A simplified index to assess the combined impact of tropical cyclone precipitation and wind on China
Relationships between tropical cyclone (TC) precipitation, wind, and storm damage are analyzed for China based on TCs over the period from 1984 to 2013. The analysis shows that the maximum daily areal precipitation from stations with daily precipitation of ⩾ 50 mm and the sum of wind gusts of ⩾ 13.9 m/s can be used to estimate the main damage caused by TCs, and an index combining the precipitation and wind gust of a TC (IPWT) is defined to assess the severity of the combined impact of precipitation and wind. The correlation coefficient between IPWT and the damage index for affecting TCs is 0.80, which is higher than that for only precipitation or wind. All TCs with precipitation and wind affecting China are divided into five categories, Category 0 to Category 4, based on IPWT, where higher categories refer to higher combined impacts of precipitation and wind. The combined impact category is closely related to damage category and it can be used to estimate the potential damage category in operational work. There are 87.7%, 72.9%, 69.8%, and 73.4% of cases that have the same or one category difference between damage category and combined impact category for Categories 1, 2, 3, and 4, respectively. IPWT and its classification can be used to assess the severity of the TC impact and of combined precipitation and wind conveniently and accurately, and the potential damage caused by TCs. The result will be a good supplementary data for TC intensity, precipitation, wind, and damage. In addition, IPWT can be used as an index to judge the reliability of damage data. Further analysis of the annual frequency of combined precipitation-wind impact categories reveals no significant increasing or decreasing trend in impact over China over the past 30 years.
Keywordstropical cyclone impact precipitation wind
Unable to display preview. Download preview PDF.
This study was sponsored by the National Basic Research Program of China (Grant No. 2015CB452806), the National Natural Science Foundations of China (Grant Nos. 41475082 and 41875114), Shanghai Science & Technology Research Program (Grant No. 19dz1200101), and the Fundamental Research Funds of the STI/CMA (Grant No. 2019JB06).
- Chen H Y, Yu H, Ye G J, Xu M, Yang Q Z (2019). Return period and the trend of extreme disastrous rainstorm events in Zhejiang Province. J Trop Meteorol, 25: 192–200Google Scholar
- Chen P Y, Lei X T, Ying M (2013). Introduction and application of a new comprehensive assessment index for damage caused by tropical cyclones. Trop Cyclone Res Rev, 2: 176–183Google Scholar
- Chen P Y, Yang Y H, Lei X T, Qian Y Z (2009). Cause analysis and preliminary hazard estimate of typhoon disaster in China. J Nat Disast, 18: 64–73 (in Chinese)Google Scholar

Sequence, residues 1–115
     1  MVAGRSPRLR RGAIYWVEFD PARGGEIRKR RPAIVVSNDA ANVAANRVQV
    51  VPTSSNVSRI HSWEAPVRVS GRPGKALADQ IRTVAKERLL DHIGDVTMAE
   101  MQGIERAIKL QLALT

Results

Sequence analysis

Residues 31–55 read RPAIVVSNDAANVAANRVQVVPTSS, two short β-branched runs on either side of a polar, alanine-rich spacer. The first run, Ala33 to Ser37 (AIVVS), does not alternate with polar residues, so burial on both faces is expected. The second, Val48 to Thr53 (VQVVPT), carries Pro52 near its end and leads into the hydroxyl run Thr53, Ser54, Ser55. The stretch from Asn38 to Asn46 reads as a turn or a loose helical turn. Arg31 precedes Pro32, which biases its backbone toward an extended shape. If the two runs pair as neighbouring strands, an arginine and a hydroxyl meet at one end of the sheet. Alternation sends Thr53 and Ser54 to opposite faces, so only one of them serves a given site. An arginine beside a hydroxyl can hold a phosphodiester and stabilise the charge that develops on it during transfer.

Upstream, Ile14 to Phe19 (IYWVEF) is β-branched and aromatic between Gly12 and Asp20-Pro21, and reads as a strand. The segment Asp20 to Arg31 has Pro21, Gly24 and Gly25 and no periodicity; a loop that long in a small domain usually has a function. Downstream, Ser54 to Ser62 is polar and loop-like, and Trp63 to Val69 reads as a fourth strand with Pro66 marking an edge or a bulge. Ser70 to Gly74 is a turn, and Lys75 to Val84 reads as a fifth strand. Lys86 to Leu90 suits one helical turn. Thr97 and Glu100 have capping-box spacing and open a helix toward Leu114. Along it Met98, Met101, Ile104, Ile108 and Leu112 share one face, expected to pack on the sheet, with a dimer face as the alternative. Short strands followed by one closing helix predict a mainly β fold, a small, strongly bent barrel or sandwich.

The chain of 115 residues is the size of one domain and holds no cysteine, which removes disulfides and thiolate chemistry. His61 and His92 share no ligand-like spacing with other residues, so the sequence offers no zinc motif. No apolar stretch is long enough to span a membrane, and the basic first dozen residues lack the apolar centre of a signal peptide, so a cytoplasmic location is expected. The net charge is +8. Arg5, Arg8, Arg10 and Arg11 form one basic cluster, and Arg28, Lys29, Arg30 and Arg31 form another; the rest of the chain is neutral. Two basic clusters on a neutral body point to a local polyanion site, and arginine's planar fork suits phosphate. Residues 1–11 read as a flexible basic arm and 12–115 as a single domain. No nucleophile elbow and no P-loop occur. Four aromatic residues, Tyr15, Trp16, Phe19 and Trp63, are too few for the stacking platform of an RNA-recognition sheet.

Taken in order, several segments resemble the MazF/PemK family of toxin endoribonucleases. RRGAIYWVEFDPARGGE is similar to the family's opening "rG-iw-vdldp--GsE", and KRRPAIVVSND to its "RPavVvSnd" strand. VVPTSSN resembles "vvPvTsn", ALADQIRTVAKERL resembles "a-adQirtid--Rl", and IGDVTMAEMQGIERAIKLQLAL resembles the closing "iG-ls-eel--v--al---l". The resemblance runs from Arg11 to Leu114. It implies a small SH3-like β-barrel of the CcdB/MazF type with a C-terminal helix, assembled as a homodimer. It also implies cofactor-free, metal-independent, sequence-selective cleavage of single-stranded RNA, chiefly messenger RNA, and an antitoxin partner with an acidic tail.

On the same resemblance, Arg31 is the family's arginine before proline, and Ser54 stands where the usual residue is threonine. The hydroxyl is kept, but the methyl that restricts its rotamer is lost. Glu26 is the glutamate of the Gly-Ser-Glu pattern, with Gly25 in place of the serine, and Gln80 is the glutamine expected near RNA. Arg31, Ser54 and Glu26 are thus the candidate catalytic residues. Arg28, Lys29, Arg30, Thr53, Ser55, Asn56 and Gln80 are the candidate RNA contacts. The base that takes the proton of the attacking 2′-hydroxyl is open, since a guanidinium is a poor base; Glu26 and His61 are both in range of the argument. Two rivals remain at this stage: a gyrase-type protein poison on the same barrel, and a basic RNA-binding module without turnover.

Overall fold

- GB/T 19201-2006 (2006). Grade of tropical cyclones. Beijing: Standards Press of ChinaGoogle Scholar
- Lei X T, Chen P Y, Yang Y H, Qian Y Z (2009). Characters and objective assessment of disasters caused by typhoons in China. Acta Meteorol Sin, 67: 875–883 (in Chinese)Google Scholar
- Liang B Q, Fan Q, Yang J, Wang T M (1999). A fuzzy mathematic evaluation of the disaster by tropical cyclones. J Trop Meteorol, 15: 305–311 (in Chinese)Google Scholar
- Lin Q W, Lu C J (1987). An analysis on satellite cloud imageries and radar echoes from the tropical depression “8.27”. J Guangxi Meteor: 13–16 (in Chinese)Google Scholar
- Lu W F (1995). Assessment and prediction of disastrous losses due to tropical cyclones in Shanghai. J Nat Disast, 4: 40–45 (in Chinese)Google Scholar
- Lu X Q, Yu H, Ying M, Qi L B (2018a). The effects of station network density on statistical analyses oftropical cyclone precipitation. J Trop Meteorol, 24(4): 421–431Google Scholar
- Ma Q Y, Li G Y, Wang X R, Wang W G, Gao L Y (2008). A fuzzy synthetic evaluation model for typhoon disaster. Meteor Mon, 34: 20–25 (in Chinese)Google Scholar
- Powell M D, Reinhold T A (2007). Tropical cyclone destructive potential by integrated kinetic energy. Bull Am Meteorol Soc, 879(2): 219–221Google Scholar
- Ren F M, Gleason B, Easterling D (2001). A numerical technique for partitioning cyclone troical precipitation. J Trop Meteorol, 17(3): 308–313 (in Chinese)Google Scholar
- STI/CMA (2006). Climatological Atlas for Tropical Cyclones Affecting China (1951–2000). Beijing: Science Press (in Chinese)Google Scholar
- STI/CMA (2017). Climatological Atlas of Tropical Cyclones over the Western North Pacific (1981–2010). Beijing: Science PressGoogle Scholar
- Wu H Y, Kang L H, Chen L L, Ma X M (2007). Effect of meteorological observation environment variability on homogeneity of temperature series in Zhiejiang Province. Mater Sci Technol, 35(1): 152–156 (in Chinese)Google Scholar
- Xiao F J, Yin Y Z, Luo Y, Song L C, Ye D X (2011). Tropical cyclone hazards analysis based on tropical cyclone potential impact index. J Geosci (Prague), 21: 791–800Google Scholar
- Xu H S, Lian J J, Bin L L, Xu K (2018). Joint distribution of muliple typhoon hazard factors. Scientia Geographica Sinica, 38(12): 2118–2124 (in Chinese)Google Scholar
- Yang Q Z, Xu M (2010). Preliminary study of the assessment of methods for disaster-inducing risks by TCs using sample events of TCs that affected Shanghai. J Trop Meteorol, 16: 299–304Google Scholar
- Zhao S S, Ren F M, Gao G, Huang D P (2015). Characteristics of Chinese tropical cyclone disaster in the past 10 years. J Trop Meteorol, 31(03): 424–432 (in Chinese)Google Scholar